Posted by Lindsay Geoffroy
How many of you can whistle? Not everyone can, but a good portion of the population has the amazing ability to replicate bird noises with their mouths. In fact, some people are so good at whistling, there is even a World Whistling Championship.
Whistling for fun, in a song, or even competitively is one thing – but what if you had to whistle to communicate with other people? As it turns out, there are several cultures (more than 42 documented examples) which turn to the art of the whistle in order to spread ideas and warnings or ask questions.
Who Whistles, and Why Do They Do It?
Kuşköy, Turkey: This village in Turkey has been nicknamed “Valley of the Birds” due to their reliance on whistle communication. The village is located in a mountainous valley on the coast of the Black Sea. Roads are not paved and are treacherous to navigate at certain times. The language adapts standard Turkish syllables into whistled tones that can carry over a half mile. This allows village people to communicate without having to make a journey across the mountains and valleys.
La Gomera, Canary Islands: Residents of this island use a whistled version of Spanish to communicate across ravines at a distance of us to 5k. The whistled language is known as “Silbo Gomero” (“silbo” is Spanish for “whistle”) and has been around for more than six centuries. The language was on the decline in the 1950s due to economic issues, but since the 1990s has seen a revitalization due to efforts to preserve and teach the language.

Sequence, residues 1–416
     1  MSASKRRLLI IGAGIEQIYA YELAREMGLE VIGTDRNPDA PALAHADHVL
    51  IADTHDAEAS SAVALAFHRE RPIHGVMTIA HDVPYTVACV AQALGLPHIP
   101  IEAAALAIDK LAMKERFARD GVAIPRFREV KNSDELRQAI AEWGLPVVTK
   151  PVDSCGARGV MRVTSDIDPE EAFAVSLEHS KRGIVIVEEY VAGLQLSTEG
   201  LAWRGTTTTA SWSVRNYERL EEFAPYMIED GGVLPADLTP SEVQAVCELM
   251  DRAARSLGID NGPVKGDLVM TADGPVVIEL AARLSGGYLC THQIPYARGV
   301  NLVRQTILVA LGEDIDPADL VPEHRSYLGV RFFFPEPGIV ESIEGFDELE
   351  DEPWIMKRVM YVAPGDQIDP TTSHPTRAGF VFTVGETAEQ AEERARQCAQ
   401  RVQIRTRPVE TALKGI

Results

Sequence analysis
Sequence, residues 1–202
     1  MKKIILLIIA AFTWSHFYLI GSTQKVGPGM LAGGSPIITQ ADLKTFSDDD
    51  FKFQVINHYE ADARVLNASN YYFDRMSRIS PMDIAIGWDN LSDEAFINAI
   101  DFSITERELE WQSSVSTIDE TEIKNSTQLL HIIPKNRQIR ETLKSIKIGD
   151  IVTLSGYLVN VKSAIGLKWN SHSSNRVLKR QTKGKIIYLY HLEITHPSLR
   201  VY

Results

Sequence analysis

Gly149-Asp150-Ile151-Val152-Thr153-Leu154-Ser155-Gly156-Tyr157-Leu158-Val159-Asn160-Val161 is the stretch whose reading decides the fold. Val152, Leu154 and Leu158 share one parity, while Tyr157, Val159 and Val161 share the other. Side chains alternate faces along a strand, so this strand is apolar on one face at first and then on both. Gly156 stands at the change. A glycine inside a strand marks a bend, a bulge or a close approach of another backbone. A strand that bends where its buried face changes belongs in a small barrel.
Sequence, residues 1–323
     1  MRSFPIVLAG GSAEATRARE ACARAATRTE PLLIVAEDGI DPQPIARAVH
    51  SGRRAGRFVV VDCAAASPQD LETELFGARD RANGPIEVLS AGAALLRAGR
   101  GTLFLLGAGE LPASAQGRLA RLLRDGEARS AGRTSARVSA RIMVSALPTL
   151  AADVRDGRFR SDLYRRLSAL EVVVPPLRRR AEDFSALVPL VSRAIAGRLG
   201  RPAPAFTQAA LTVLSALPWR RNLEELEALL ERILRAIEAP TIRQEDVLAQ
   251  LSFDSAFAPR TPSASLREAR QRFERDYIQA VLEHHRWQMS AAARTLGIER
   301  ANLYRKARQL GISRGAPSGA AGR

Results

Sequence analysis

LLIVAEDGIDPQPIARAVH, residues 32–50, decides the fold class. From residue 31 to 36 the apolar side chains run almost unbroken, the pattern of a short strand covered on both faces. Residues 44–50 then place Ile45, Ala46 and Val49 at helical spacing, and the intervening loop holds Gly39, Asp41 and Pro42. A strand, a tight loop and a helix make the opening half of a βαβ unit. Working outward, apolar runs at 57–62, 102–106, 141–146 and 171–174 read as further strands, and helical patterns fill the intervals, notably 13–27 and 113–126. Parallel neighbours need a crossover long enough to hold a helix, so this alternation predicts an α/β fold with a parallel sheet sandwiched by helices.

Aas, France: This village, located on a hillside in the Pyrenees mountain range, relies on whistling to communicate across the steep mountains and valleys.
Clearly, a common factor between these whistling nations is geography. With rough terrain across long distances making travel difficult, neighbors rely on an alternative communicate method which can carry over several miles.
Whistling and the Brain
The discovery of whistled languages has challenged the scientific belief that language is dominated by the left half of our brains. A study of the Turkish whistlers found that their entire brain was being used when processing and understanding the whistle language. The conclusion of the study shows that the tasks assigned to each side of the human brain may not be as fixed as once thought.
We here at Lionbridge are good at whistling, but not that good. We can, however, provide interpretation services in over 300 languages. To learn more, visit us here.